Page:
JR
Title: Re: Who makes the most rugged digital consoles?
Post by: Ivan Beaver on August 23, 2014, 09:09:16 pm
A while ago someone who was doing a lot of bar shows posted a photo of a plexiglass or lexan "beer" shield they built to protect their board.

I think the approach should be preventing the dust from getting into the faders rather than which ones tolerate it the best.

Maybe a more substantial foh shelter with some clear sidewalls would help as well.

Or you could consider ending the drought in California. I am sure that is not helping.

Sent from my DROID RAZR HD using Tapatalk
I did a festival in CA a few months ago.  There was fine dust that got EVERYWHERE!!!!!!

It was blowing all around-not just near the stage.  There was nothing you could do to keep it away from gear.

There was layer that stuck to everything.

Faders would be real problem-analog or digital.
Title: Re: Who makes the most rugged digital consoles?
Post by: Doug Johnson on August 23, 2014, 09:29:07 pm
While maybe not "pro" enough the first thing that comes to my mind would be a Midas 251 and a Behringer X32 core in a sealed ventilated rack and remote mixing.  A SAC system could be set up the same way, although it seems that people aren't quite as keen on it as they were a couple of years ago.  The Crest Tactus system might be an option as well but, I don't think it has been released yet.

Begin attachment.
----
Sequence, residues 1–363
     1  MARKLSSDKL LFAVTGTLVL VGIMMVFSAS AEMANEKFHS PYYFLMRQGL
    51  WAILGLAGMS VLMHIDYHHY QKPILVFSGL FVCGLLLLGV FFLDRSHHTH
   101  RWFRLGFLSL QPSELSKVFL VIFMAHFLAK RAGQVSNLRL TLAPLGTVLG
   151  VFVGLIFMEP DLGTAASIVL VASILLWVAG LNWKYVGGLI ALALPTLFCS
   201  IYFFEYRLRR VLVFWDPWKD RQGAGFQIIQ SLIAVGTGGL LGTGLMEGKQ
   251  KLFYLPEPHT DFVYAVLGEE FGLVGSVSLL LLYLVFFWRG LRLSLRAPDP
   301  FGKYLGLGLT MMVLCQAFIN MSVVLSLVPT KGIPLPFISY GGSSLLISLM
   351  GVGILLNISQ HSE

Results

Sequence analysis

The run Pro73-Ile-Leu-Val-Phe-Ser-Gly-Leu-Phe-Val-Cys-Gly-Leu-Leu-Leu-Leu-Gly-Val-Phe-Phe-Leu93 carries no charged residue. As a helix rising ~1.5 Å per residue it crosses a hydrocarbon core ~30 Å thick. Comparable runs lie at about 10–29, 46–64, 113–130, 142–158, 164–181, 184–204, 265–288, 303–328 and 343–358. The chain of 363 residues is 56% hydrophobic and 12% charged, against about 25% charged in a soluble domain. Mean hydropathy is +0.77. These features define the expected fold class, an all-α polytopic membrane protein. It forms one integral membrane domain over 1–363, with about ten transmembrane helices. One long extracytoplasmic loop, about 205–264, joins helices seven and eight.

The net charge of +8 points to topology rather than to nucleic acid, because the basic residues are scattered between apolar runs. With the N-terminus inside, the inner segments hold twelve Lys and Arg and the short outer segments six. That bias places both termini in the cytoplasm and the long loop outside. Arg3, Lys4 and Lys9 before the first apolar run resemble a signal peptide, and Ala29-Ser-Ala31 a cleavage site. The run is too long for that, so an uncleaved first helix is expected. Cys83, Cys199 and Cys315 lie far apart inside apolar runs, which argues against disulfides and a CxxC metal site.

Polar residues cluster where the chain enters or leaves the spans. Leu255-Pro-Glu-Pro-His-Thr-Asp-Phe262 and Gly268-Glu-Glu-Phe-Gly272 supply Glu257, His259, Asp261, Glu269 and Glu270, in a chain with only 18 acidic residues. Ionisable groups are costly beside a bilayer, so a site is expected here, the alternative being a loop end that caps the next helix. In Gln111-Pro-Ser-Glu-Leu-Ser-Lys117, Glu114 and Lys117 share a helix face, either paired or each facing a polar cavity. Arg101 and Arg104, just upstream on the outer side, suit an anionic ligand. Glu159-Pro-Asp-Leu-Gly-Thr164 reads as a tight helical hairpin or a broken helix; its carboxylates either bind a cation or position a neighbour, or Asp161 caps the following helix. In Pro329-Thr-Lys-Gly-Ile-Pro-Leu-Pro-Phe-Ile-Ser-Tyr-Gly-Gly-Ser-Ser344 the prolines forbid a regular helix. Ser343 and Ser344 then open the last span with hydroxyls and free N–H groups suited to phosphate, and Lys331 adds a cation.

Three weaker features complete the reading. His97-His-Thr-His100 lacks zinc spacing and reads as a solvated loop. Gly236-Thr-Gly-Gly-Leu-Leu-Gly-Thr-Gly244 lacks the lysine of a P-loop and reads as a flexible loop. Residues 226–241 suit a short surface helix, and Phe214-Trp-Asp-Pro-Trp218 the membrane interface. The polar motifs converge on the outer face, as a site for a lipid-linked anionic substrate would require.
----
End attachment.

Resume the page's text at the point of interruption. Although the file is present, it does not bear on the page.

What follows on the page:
Doug
Title: Re: Who makes the most rugged digital consoles?
Post by: Garrett Trott on August 23, 2014, 11:43:22 pm
I did a festival in CA a few months ago.  There was fine dust that got EVERYWHERE!!!!!!

It was blowing all around-not just near the stage.  There was nothing you could do to keep it away from gear.

There was layer that stuck to everything.

Faders would be real problem-analog or digital.

Yeah my recent travels I am referring to were in B.C. The dust was horrendous. We are also based in Oregon and do a lot of events with old volcanic dust which seems to be more of a problem then most locations. I like the idea of using a Tablet more often but this is surely not going to work for 1/2 of my acts. Obviously this is not easily done with the SC48... Ahem! Why is there not a app for Venue yet? I guess that is what you get for a windows based console. Anyway, I also usually have very nice 3 sided covered FOH situations. This dust comes usually from 1000's of people dancing for very long scheduling. It is at times unavoidable. Thanks for the suggestions guys. It seems like if there was an easy solution I would have found it by now.
Title: Re: Who makes the most rugged digital consoles?
Post by: Garrett Trott on August 23, 2014, 11:59:06 pm
While maybe not "pro" enough the first thing that comes to my mind would be a Midas 251 and a Behringer X32 core in a sealed ventilated rack and remote mixing.  A SAC system could be set up the same way, although it seems that people aren't quite as keen on it as they were a couple of years ago.  The Crest Tactus system might be an option as well but, I don't think it has been released yet.
Doug

The Crest Tactus seems like a move in the right direction. Remote mixing sounds like a good idea too. doing away with exposed faders and using touchscreens seems like the best option. Thanks for the suggestions Doug.